• Well, I've taken the advice of revamping my abbreviated course and basing it on Peter Vogl's The Guitarist's Music Theory Book. I now feel more confident that I'm guiding my buddy based on a higher understanding of theory. Jul 13, 2013 at 15:37
• @OtisGilchrist - good for you! My comments / answer were / was nothing personal, it's just, why work harder than you need to? Jul 13, 2013 at 17:47

I would reword your statement to say "Since all chords are organized collections of tones, all chords can be associated with a scale within the modern diatonic & chromatic systems of harmony. Major triads, for example, can be associated with the major scale since both collections contain a root, major 3rd and fifth. Although there are many scales which align themselves with a major triad, the major scale is a more well-known choice and therefore a more digestible association for beginning instrumentalists."

Although there are many theories in music and a whole host of nomenclature and syntax that exist, it all boils down to the same set of 12 tones (in modern Western diatonic & chromatic harmony, that is.) I have found that the easiest way to chords, arpeggios and improvisation to students is to associate the chords with common scales. For example:

CHORD => SHARED TONES => ASSOCIATED SCALE(S)

C Major Triad => 1, 3, 5 => Major, Lydian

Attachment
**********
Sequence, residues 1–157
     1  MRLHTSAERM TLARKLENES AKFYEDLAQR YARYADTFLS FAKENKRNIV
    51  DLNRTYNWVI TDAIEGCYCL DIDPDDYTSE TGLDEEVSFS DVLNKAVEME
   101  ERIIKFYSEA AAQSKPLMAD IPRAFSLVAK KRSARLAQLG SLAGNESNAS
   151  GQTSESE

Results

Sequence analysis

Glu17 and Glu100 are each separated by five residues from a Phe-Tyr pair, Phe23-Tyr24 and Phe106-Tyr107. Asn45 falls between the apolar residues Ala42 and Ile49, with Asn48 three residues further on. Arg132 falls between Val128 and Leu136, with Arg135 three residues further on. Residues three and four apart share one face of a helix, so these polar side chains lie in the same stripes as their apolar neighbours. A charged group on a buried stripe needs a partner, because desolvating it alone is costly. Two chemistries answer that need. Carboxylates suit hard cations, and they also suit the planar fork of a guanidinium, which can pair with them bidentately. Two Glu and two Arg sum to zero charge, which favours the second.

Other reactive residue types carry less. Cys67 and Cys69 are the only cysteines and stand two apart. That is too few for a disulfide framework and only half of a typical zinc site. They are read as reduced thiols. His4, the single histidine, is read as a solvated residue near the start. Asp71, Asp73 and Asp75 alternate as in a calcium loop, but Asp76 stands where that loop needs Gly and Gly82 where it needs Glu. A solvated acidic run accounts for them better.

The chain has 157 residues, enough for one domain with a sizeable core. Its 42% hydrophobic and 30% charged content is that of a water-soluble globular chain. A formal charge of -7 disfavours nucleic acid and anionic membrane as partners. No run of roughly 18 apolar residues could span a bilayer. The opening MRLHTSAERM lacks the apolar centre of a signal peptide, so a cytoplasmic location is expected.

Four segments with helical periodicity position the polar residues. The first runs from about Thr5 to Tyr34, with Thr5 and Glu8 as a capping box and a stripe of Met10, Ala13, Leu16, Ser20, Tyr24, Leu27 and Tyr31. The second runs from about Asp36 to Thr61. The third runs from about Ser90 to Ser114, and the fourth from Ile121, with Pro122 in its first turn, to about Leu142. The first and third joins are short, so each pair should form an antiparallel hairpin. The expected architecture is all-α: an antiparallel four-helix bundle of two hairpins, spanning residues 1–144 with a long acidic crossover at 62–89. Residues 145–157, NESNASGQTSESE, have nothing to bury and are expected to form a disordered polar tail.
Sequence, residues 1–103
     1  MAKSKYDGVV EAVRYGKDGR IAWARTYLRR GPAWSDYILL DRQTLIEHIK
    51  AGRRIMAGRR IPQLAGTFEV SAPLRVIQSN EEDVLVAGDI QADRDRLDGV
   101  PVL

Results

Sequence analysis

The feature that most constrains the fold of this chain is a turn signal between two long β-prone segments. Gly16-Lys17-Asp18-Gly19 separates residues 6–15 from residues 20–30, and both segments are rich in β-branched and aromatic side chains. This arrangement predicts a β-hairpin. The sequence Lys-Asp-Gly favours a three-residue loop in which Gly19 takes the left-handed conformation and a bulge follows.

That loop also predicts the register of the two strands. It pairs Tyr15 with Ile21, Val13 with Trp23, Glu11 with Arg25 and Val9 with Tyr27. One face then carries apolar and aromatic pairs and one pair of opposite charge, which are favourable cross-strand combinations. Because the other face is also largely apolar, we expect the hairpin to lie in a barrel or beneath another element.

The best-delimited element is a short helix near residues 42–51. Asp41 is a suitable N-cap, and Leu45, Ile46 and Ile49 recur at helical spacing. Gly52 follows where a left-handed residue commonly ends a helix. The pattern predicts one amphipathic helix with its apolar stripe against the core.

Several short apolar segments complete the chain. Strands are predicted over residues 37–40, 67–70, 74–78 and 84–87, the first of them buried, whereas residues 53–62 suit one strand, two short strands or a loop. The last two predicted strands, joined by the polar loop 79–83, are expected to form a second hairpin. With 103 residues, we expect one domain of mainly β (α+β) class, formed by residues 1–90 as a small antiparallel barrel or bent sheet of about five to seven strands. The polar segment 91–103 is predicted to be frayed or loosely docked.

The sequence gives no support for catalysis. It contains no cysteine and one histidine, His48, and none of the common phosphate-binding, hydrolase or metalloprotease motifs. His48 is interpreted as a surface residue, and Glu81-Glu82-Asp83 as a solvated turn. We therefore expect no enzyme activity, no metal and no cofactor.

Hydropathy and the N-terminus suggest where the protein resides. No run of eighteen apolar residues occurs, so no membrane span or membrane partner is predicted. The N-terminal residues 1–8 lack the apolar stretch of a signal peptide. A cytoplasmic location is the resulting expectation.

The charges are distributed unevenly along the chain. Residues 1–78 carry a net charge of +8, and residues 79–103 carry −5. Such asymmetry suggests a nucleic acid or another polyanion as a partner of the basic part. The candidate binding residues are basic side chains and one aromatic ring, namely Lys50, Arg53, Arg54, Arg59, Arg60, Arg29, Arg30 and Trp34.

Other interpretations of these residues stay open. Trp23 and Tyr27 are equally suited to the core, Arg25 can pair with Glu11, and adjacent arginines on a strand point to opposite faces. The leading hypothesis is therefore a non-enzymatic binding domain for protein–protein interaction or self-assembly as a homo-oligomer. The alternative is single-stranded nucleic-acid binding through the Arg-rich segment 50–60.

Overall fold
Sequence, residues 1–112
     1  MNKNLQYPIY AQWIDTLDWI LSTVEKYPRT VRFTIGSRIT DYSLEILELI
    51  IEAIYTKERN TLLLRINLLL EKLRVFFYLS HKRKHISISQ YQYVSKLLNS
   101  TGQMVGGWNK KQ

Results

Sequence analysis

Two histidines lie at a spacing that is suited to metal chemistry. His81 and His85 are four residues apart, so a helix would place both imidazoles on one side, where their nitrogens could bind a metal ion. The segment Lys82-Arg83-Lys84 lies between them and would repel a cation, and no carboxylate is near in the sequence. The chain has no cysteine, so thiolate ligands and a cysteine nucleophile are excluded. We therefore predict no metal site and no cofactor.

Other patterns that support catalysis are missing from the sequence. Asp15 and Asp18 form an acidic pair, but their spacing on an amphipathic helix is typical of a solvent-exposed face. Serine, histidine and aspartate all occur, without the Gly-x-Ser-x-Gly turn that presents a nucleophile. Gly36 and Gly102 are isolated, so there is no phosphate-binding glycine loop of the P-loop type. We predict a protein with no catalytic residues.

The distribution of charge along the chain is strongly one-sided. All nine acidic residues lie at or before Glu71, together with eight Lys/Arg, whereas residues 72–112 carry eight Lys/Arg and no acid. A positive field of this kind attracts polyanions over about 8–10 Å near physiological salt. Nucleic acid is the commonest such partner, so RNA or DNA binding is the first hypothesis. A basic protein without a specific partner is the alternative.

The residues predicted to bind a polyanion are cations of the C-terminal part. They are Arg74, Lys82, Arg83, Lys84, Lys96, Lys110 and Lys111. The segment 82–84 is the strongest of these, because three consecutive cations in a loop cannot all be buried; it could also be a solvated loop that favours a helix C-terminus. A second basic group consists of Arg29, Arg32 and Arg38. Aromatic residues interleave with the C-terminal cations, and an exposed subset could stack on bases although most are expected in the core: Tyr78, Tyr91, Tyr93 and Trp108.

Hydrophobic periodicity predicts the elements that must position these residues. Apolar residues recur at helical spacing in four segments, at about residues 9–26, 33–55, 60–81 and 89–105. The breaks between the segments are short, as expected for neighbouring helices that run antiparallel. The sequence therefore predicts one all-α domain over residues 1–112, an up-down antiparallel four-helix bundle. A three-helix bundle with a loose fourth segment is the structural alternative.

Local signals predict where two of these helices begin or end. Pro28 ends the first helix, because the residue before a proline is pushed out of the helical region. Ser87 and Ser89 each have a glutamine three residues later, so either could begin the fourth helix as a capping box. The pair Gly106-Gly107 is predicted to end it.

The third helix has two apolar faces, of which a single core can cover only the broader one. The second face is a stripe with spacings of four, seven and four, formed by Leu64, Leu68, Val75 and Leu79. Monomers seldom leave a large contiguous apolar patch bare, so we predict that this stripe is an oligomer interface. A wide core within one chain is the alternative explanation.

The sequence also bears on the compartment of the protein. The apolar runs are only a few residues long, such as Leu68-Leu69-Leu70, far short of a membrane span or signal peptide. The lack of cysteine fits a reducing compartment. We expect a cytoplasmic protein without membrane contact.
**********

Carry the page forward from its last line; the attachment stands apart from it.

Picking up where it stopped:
C Minor Triad => 1, b3, 5 => Natural Minor (Aeolian), Dorian

C Diminished Triad => 1, b3, b5 => Whole/Half Diminished, Half/Whole Diminished

C Augmented Triad => 1, 3, #5 => Augmented, Whole Tone, 3rd Mode Melodic Minor

C Dominant 7 => 1, 3, 5, b7 => Mixolydian, 5th Mode Harmonic Minor, Super Locrian

These are just a few examples. Every scale contains hosts of possible chord combinations, just as every 3 or 4-note chord is contained within several scales. These simply serve as mechanisms to associate chords with a set tonality and provide a degree of functionality for beginning & intermediate students of music. I hope this helps!

• Nate I'm going to have to disagree with you in part here. I think your definition works pretty well for functional harmony, but it is not an all-inclusive definition. For example, it would not hold up under quartal or quintal chord theory or even microtonal chord theory. As I mentioned in my own answer, your definition also leaves out cluster chords and sound-mass textures as well. The definition is okay, but it is very limited. Jul 6, 2013 at 13:11
• @jjmusicnotes - I agree with you completely. That's why I explicitly stated that this is for modern diatonic & chromatic systems. I went on a limb and assumed that Otis was not looking for a definition that covered the entire landscape of music theory, but something that served as a practical & usable starting point for his abbreviated music course. Jul 6, 2013 at 17:37
• @NateKimball - agreed, I assumed as much as well. I think Otis would be fine if he just specified the limitations of his scope. Jul 6, 2013 at 19:00
• I’ve taken the advice and have revamped my abbreviated course to base it on Peter Vogl’s The Guitarist’s Music Theory Book. I feel more confident now that I’m guiding my guitar buddy on the basis of a higher understanding of theory. Nate, I’ll be happy to upgrade your answer. How do I do that? I appreciate all your comments/answers, gentlemen. --Otis Jul 13, 2013 at 15:42